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Bexar County judge hopes to help change the lives of teens in gangs

Judge Carlos Quezada said teens who want to escape gang life have a chance when they walk through the doors of his courtroom.

SAN ANTONIO — A Bexar County judge is working with a former gang member to help teenagers involved with gangs change their lives.

San Antonio Police officials said the department has arrested over 500 gang members since the beginning of this year. Some of those arrests are teenagers.

It’s a life Ryan Garcia knows all too well.

“I was a documented gang member my freshman year of high school,” Garcia said.

Throughout high school, Garcia was arrested for offenses like assault, burglary and theft. 

In 2012, the lifestyle came to a violent head, when he was the victim of a drive-by shooting on the city’s south side, resulting in a serious injury that landed him in the hospital.

“It was another gang that obviously wanted me dead,” he said.

After he recovered, Garcia said he wanted to change his life, but it was the birth of his son that was the true motivation to end the gang lifestyle.

“He’s the best thing that ever happened to me,” he said.

Now, Garcia has volunteered to mentor teens who want to leave the lifestyle that once consumed his life.

It’s a new initiative in the Judge Carlos Quezada’s juvenile court, called Juntos Court.

Juntos, meaning “together” in Spanish, is also an acronym that stands for Juveniles United Navigating Through Obstacles Successfully.

Quezada said the program is unique to each teen who participates, and consists of resources including counseling, education, and workforce training and mentoring.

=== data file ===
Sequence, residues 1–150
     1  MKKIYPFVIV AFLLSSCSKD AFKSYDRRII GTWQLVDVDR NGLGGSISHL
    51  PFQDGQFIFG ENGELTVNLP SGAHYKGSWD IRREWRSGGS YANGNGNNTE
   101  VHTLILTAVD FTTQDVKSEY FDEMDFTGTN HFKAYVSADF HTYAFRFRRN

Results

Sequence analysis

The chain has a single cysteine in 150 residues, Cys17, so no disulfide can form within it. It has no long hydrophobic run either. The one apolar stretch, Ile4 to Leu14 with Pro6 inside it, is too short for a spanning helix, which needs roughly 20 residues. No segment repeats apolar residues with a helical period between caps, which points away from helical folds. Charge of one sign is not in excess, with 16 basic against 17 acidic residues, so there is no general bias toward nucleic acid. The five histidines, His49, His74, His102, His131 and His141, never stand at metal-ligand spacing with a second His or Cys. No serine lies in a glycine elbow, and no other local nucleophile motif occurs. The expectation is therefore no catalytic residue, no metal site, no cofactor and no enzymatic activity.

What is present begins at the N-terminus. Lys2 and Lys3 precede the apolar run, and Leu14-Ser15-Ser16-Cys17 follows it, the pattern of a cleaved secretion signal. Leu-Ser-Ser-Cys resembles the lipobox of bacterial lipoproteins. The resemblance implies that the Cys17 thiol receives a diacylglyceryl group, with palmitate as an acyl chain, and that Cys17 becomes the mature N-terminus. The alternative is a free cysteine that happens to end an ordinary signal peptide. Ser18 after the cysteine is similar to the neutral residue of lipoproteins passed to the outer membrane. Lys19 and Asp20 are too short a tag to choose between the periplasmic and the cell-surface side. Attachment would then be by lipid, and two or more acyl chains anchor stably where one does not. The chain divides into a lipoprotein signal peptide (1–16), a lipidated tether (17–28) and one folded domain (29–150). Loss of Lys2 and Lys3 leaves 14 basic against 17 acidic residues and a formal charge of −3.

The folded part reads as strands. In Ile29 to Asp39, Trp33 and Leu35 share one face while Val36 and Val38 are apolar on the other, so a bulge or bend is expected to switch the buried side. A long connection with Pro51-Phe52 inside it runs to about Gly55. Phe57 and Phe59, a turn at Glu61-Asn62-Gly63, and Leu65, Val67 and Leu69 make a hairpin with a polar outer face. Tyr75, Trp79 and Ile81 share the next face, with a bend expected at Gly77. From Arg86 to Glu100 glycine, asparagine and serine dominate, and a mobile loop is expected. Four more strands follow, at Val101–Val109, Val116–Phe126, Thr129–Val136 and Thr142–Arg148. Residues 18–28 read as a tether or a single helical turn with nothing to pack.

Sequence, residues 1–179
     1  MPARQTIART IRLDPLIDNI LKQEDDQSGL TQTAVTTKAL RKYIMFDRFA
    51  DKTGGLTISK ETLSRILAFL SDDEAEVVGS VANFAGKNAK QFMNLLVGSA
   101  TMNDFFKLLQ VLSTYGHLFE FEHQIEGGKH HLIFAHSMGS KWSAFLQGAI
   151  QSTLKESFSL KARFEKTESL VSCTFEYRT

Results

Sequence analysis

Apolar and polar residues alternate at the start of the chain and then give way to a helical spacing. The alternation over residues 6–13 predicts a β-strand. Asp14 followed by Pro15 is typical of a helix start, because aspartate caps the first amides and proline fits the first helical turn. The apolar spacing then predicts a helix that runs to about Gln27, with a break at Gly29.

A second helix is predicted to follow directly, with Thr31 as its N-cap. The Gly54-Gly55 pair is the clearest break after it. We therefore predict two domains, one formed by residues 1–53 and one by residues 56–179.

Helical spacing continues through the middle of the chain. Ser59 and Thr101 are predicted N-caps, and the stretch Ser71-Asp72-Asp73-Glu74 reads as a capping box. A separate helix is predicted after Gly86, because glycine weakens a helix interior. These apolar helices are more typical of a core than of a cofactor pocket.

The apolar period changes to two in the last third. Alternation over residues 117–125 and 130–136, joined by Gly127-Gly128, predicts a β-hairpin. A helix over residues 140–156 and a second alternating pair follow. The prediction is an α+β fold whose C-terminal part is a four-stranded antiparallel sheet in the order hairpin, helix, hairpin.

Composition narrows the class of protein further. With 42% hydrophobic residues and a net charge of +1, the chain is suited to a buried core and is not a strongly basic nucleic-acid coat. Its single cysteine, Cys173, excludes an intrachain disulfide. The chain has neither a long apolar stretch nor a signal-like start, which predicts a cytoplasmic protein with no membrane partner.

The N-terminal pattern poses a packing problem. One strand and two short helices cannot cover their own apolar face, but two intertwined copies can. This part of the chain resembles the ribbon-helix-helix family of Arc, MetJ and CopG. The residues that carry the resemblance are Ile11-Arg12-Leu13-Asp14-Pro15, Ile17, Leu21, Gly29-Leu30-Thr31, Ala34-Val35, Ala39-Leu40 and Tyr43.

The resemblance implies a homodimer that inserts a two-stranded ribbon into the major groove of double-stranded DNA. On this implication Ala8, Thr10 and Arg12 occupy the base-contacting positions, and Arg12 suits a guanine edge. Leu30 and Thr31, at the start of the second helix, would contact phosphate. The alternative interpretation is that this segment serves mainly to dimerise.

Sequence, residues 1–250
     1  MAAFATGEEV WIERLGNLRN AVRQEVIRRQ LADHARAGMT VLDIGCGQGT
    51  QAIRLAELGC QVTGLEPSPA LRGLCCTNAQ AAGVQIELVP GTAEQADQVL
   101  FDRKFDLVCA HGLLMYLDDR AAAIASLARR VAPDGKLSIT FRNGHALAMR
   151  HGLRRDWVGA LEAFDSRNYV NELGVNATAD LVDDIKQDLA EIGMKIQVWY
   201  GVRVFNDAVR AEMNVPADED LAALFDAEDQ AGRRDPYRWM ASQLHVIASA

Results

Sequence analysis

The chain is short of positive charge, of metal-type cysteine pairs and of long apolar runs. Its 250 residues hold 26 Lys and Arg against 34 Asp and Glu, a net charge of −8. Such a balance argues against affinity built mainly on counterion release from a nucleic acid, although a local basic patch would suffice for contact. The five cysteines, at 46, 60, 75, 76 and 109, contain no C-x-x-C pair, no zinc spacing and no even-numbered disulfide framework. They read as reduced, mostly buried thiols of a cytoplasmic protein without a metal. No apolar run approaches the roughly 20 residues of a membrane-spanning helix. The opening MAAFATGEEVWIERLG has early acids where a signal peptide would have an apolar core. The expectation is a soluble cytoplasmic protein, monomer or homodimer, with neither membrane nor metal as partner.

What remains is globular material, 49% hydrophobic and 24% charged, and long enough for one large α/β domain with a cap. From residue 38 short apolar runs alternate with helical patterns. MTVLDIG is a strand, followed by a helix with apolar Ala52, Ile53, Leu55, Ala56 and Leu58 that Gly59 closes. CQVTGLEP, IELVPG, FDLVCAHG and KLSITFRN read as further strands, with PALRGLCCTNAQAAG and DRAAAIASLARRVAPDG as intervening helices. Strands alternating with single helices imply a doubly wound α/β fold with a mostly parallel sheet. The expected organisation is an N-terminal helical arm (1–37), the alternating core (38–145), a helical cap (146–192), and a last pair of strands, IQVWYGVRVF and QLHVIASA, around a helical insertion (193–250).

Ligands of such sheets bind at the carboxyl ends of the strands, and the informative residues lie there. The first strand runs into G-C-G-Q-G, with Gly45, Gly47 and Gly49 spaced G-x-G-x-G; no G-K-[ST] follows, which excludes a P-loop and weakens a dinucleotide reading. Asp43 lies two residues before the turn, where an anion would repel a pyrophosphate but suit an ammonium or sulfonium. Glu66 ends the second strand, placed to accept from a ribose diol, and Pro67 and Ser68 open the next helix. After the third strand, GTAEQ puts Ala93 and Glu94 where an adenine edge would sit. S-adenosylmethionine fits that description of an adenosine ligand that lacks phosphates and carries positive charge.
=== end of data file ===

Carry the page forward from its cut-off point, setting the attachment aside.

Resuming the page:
“It's different for every individual that comes through our program, and it's completely tailored to them,” Quezada said. 

The judge added said Court Juntos goes above and beyond traditional probation.

“It's a huge relationship piece and something I keep saying, it's really about conversations,” he said. 

Quezada said the only set requirements are counseling, and a willingness to want to leave the gang lifestyle and change their lives.

Quezada said he has a passion for helping troubled teens, especially those caught up in gangs, having lost a friend to gang violence himself. The judge and former assistant district attorney grew up on the southside of San Antonio, and said some of his friends didn’t have the caring family he had.

“I take this role so seriously,” he said. “If I can find that one spark left in them, if I could just get them in that right direction.”

Garcia will help mentor the teens that go through the program, sharing his experiences and hoping to relate to those who have already been through so much.

“If I can help one person then it'll be worth it,” Garcia said. 

Quezada has the same hopes for the program.

“Just changing the world, one kid at a time,” he said.

Court Juntos will begin in August.

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